by Rick Bulow, Rick’s Civics Blog — May 3, 2015
In my last entry I mentioned that liberals have launched a misinformation campaign to create infighting among conservatives over #ArticleV. I want to remind you, and will continue to do do so, what Robert G. Natelson had said:
Under Article V of the U.S. Constitution, any constitutional amendment must be ratified by three fourths of the states (now 38 of 50) to be effective. Before an amendment can be ratified, however, it must be proposed either (1) by Congress or (2) by an interstate task force the Constitution calls a “convention for proposing amendments.” This gathering is convened when the people convince two thirds of the state legislatures (34 of 50) to pass resolutions demanding it. The convention itself is a meeting of the representatives of state legislatures—an assembly of the kind traditionally called a “convention of states.”
Natelson goes on to say in his dissertation that
The Framers adopted the convention procedure to ensure that Congress did not have a monopoly on the amendment process. The Framers saw the procedure as a way the people, acting through their state legislatures, could respond if the federal government became dysfunctional or abusive.
There is widespread public support for amendments to cure some of the real problems now plaguing the country. However, since repeal of Prohibition, Congress repeatedly has refused to propose any constitutional amendments limiting its own power and prerogatives. When reformers sought to check lavish congressional pay raises, for example, they could get nothing through Congress. Instead, they had to secure ratification of an amendment (the 27th) that had been formally proposed in 1789!
Such unresponsiveness would seem to be exactly the occasion for which the Founders authorized the convention for proposing amendments. Yet a handful of conservative groups—including but not limited to, the John Birch Society and Eagle Forum—have uncompromisingly opposed any use of the convention procedure to bypass Congress. They assiduously lobby state legislatures to reject any and all proposals for a convention, no matter how worthwhile or necessary they may be. This uncompromising opposition has become a mainstay of those groups’ political identity and, perhaps, a useful fundraising device.
Although these groups bill themselves as conservative, their reflexive opposition to the convention process regularly allies them with the liberal establishment and with special interest lobbyists who seek only to protect the status quo. Since the 1980s, this strange coalition has blocked all constitutional efforts to address federal dysfunction. As a result that dysfunction has become steadily worse. For example, their long-held opposition to a balanced budget convention is a principal reason America now labors under a $18 trillion national debt.
Now, one of the things that Joanna Scutari (aka “Publius Huldah”) says in her blog (no I am not going to link it here) is that we do not need an #ArticleV Convention to clarify our constitution. If the Constitution did not need clarifying, then amendments would not have been needed. Instead, the Constitution had been amended 18 times (the first 10 amendments [aka the Bill of Rights] which were ratified all at once plus 17 other amendments) so we know that amending the constitution to clarify it ISpossible and doable. Those 27 amendments were done by way of the United States Congress. As I pointed out in the last entry, that is one way of amending the Constitution. The other way is by the state legislatures applying to Congress for aCONVENTION TO PROPOSE AMENDMENTS. As Natleson pointed out (and I will get to it in a later entry) it is not a Constitutional (or plenipotentiary) Convention. As pointed out by the Virginia legislature in 1788,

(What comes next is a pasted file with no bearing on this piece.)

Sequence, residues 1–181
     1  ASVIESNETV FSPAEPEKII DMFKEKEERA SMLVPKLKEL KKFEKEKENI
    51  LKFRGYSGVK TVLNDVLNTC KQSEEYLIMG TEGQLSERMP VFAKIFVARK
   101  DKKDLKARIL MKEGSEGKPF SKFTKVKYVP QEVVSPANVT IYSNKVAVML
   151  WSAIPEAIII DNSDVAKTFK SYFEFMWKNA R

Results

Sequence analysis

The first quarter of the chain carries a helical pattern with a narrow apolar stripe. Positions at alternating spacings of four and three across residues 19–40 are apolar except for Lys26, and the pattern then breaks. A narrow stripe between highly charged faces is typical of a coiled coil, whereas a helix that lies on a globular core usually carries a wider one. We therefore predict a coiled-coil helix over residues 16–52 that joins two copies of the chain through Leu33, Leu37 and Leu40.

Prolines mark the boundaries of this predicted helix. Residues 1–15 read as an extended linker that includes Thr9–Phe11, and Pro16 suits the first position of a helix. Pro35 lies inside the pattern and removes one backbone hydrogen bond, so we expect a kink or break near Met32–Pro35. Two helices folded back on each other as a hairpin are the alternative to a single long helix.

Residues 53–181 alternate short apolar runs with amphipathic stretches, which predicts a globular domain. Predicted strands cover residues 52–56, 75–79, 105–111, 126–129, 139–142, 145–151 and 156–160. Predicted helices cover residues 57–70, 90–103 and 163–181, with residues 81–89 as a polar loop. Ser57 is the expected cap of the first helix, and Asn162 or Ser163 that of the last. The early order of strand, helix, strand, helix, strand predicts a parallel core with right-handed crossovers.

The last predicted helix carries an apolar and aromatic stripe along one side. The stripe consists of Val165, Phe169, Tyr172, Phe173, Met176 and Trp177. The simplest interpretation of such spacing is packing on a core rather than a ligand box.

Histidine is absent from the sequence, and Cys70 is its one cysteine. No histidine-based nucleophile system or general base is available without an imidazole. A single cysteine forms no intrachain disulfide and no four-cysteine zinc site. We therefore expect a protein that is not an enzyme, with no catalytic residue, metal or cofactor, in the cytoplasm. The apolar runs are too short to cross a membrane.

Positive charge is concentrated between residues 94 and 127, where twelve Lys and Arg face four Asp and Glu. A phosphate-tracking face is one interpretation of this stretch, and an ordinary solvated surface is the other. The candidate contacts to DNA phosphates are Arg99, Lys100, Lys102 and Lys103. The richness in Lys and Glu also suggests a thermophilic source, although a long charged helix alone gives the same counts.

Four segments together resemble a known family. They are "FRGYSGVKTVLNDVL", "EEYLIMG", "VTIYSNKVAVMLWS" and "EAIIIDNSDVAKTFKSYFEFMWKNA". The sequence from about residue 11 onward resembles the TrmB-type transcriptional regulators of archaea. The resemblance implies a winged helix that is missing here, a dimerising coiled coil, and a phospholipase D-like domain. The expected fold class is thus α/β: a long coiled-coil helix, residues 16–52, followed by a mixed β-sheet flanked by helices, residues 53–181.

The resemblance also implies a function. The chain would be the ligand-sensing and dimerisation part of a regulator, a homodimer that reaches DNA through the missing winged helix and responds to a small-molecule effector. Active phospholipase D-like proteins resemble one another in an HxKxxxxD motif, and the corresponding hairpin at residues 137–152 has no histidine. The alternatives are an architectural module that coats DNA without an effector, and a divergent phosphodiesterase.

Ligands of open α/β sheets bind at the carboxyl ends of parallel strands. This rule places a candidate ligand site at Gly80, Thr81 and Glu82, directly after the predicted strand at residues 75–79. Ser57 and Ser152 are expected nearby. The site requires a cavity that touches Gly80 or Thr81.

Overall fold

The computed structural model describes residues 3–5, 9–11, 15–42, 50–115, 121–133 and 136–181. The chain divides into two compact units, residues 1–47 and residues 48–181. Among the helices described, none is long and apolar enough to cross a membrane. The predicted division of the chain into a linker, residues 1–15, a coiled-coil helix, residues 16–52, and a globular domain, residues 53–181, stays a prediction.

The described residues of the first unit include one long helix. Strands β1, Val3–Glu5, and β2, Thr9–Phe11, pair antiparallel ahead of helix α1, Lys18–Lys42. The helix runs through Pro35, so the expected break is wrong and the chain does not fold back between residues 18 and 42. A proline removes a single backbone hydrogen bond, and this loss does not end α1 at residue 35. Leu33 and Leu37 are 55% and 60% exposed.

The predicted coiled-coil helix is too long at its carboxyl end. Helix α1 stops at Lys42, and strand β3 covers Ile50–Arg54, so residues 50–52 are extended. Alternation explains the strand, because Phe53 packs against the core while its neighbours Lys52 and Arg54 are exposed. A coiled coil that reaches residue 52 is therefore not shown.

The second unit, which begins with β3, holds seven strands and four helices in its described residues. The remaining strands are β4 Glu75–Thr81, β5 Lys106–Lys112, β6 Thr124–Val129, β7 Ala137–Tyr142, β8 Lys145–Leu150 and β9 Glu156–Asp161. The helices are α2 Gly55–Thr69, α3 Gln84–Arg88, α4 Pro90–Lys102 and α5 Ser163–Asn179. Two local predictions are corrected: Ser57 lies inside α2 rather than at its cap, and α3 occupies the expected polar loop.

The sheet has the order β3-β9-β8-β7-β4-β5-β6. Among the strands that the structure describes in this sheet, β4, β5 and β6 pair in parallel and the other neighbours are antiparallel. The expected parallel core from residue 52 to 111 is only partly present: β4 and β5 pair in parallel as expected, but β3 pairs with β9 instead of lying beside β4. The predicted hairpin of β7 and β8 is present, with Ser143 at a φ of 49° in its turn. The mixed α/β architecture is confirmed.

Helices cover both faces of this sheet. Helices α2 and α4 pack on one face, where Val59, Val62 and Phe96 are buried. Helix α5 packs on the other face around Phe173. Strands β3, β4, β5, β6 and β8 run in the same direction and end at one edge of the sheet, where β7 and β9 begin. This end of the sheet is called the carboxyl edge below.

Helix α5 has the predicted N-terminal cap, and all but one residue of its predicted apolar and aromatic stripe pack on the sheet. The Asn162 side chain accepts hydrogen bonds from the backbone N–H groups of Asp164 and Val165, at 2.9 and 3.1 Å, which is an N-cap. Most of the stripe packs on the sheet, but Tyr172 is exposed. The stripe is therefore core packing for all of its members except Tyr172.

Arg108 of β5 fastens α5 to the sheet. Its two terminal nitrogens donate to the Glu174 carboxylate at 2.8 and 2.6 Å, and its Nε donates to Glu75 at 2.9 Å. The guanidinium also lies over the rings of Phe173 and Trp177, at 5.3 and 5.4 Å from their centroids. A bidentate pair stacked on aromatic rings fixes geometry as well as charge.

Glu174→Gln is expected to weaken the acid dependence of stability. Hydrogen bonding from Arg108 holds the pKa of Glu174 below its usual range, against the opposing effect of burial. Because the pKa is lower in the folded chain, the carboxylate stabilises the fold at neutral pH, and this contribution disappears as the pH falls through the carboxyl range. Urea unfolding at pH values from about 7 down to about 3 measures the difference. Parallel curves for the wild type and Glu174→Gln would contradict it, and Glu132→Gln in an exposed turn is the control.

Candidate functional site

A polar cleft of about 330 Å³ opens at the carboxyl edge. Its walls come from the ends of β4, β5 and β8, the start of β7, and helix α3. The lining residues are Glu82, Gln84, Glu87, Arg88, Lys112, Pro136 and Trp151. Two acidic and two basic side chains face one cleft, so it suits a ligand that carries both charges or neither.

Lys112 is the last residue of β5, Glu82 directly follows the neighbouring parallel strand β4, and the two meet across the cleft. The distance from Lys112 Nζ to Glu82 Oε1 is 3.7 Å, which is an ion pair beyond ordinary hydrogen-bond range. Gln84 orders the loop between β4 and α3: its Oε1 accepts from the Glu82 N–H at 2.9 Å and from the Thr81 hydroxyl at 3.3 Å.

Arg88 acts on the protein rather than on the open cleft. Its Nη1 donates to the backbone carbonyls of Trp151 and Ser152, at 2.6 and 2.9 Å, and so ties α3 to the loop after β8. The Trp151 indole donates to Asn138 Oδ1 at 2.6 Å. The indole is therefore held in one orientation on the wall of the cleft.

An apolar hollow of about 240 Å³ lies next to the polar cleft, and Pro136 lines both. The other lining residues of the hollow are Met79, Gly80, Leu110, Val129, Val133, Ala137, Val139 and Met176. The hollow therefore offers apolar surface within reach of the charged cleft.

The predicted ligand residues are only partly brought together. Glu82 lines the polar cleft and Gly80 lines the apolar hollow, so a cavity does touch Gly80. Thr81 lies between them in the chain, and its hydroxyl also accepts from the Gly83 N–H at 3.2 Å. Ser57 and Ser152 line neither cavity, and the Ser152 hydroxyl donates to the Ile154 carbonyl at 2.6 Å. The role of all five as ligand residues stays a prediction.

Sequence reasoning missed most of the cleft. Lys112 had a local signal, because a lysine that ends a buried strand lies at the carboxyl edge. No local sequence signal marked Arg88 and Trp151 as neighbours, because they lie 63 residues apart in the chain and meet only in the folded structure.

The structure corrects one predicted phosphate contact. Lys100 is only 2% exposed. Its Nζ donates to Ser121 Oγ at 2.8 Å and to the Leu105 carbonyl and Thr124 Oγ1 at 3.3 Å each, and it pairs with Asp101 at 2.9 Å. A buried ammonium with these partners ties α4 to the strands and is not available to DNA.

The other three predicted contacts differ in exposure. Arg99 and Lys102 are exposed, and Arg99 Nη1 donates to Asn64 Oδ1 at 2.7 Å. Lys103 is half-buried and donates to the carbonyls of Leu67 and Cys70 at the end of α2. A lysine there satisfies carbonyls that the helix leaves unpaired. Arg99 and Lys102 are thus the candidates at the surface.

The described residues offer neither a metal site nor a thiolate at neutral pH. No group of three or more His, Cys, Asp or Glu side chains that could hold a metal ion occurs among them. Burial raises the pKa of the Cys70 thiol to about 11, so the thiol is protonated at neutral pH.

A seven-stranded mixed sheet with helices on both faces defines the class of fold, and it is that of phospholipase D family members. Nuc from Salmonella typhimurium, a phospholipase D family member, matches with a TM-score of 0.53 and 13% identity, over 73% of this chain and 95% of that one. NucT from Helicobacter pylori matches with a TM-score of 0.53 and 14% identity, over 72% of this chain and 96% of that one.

The slow forms of Congressional discussion and recommendation, if, indeed, they should ever agree to any change, would, we fear, be less certain of success. Happily for their wishes, the Constitution hath presented an alternative, by admitting the submission to a convention of the States. To this, therefore, we resort as the source from whence they are to derive relief from their present apprehensions
Therefore, applying for an #ArticleV Convention is a Convention of the States. Congress just calls for the convention once 2/3 of the states (34 states) submit the same type of application, then gets out of the way, as I will explain in the next entry. There have been 400 such applications for a convention of the states, but Congress has not acted on them, thanks to people like Scutari, Floyo, Nelson, and their ilk who use liberal lies to discredit the real meaning of #ArticleV and convince people that using something that is in the Constitution (and SHOULD BE USED OFTEN) is not the REAL way to go. If you want to know who the REAL domestic enemies of the Constitution are, you need look no further then them, only they do not use guns or bombs but rather words. Those at the Convention of States are using words to counter liberal lies. To take a phrase from my good friend Wayne Dupree (of WAAR Media fame), we are “Assassinating #ArticleV lies with documented facts.”